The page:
Here is the answer to the running puzzle I posted last month:
In short, the simple version of the puzzle is that you are going to run around a track for 30 minutes, at the same time that you know your friend will be doing the same. Your friend goes in 1 direction the whole time, while you may switch directions. You don’t know the location or direction of your friend. You both run at the same speed. How do you maximize the probability that you’ll meet?
The key to making the puzzle a lot easier is to use the trick that commenter Albert Fuchs suggested, which is to consider the motion from the reference frame of your friend. So, in other words, pretend that your friend is standing still, and that your two choices, rather than running in one direction or the other, are to stand still as well, or to go towards your friend (at 2x the speed that you can actually run): after all, these are the two possibilities in the original problem: that you, at any point in time, are maintaining a constant distance from your friend (if you’re going the same direction), or that you are moving towards your friend at 2x the speed that you can run — thus the setup is equivalent.
So we can think of it this way: your friend is standing still. You, over the course of 30 minutes, can press a button as many times as you want, and each time you press the button, you switch between 2 possible modes, in mode 1 you stand still, and in mode 2 you move at 2x speed towards your friend – obviously, if you could, you’d stay in mode 2, but the trick is that you never know which mode you’re actually in. Suppose you decide to spend X minutes in one mode and Y minutes in the other — i.e. the amount of time between even button pushes and odd ones is X minutes, and the amount of time between odd button pushes and even ones is Y minutes (so X+Y = 30). Then, if it turns out you spent X minutes in mode 1, you will cover X*2*s (where s is your speed) + Y*0 = 2sX miles after the 30 minutes expire. If it turns out you spent minutes in mode 2, you will cover 2sY miles after the 30 minutes expire (assume speed s is expressed in miles/minute). So, given that you don’t know which mode is which, the expected distance you’ll cover is:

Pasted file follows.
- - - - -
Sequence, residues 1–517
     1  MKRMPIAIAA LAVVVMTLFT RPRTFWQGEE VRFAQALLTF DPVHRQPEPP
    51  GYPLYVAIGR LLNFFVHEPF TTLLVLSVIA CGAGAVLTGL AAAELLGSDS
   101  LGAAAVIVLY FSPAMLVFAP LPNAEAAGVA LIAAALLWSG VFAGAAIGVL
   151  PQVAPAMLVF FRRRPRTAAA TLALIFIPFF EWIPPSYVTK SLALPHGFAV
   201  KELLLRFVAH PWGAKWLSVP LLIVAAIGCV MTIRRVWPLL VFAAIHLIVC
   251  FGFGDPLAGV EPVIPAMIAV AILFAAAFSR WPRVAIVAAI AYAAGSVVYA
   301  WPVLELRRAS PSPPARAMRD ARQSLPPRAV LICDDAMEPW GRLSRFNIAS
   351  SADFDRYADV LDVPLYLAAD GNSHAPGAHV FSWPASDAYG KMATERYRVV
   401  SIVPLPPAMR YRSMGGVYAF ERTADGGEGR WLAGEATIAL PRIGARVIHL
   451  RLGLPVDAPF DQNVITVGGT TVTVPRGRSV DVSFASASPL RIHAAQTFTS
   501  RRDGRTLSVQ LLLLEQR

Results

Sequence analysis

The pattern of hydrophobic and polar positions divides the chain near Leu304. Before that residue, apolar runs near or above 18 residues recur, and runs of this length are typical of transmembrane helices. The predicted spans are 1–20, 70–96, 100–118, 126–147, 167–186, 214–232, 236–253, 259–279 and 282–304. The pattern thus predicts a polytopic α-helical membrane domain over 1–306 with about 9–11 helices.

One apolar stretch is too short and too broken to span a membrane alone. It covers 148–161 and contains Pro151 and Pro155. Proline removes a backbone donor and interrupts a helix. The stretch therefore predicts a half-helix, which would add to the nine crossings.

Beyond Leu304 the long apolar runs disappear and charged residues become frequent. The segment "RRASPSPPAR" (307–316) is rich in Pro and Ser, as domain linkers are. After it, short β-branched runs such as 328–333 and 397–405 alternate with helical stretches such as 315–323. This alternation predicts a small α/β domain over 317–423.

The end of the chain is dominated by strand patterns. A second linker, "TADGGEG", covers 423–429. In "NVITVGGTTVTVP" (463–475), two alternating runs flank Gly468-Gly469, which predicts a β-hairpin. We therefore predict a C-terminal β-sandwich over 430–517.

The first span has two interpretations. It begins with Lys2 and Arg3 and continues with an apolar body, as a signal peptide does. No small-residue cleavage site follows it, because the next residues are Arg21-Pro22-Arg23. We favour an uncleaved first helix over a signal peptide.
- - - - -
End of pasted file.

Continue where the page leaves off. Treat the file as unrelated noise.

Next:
(1/2)*(2sX) + (1/2)*(2sY) = s(X+Y)
And, if you cover this distance, and if the total track distance is sZ (i.e. if it takes Z minutes to run the full track), then the probability of a meeting is s(X+Y)/(sZ) = (X+Y)/Z
So, for example, if the track takes a total of 90 minutes to run, the probability of a meeting is 1/3. It doesn’t matter how many minutes you spend going in one direction or the other. You can change directions a much as you want.
Wait one minute though! There is an assumption I glossed over: that is that you don’t cover more than the entire loop in 30 minutes during either the X minutes in one mode or the Y in the other mode. If you cover the entire loop, the probability of a meeting is 1, not greater than 1 (probabilities never exceed 1!). Thus, in the formula, I should have used min(2sX,sZ) and min(2sY,sZ) in place of 2sX and 2sY, respectively. Then it becomes:
probability of meeting = 1/2*(min(2sX,sZ) + min(2sY,sZ)) / sZ = (min(X,0.5Z)+min(Y,0.5Z))/Z
So, any amount by which either X or Y exceeds 0.5Z is wasted time, and you must change directions.
Thus: the final answer is that it doesn’t matter how many times you change directions over the course of the run, as long as you guarantee that the cumulative time spent in either direction does not exceed half the time it would take to run the full loop. If you follow these instructions, the probability of a meeting is equal to 30/Z, where Z is the amount of time it takes to run the full loop.
Solution to the more complicated version will come later (unless a commenter gets it first).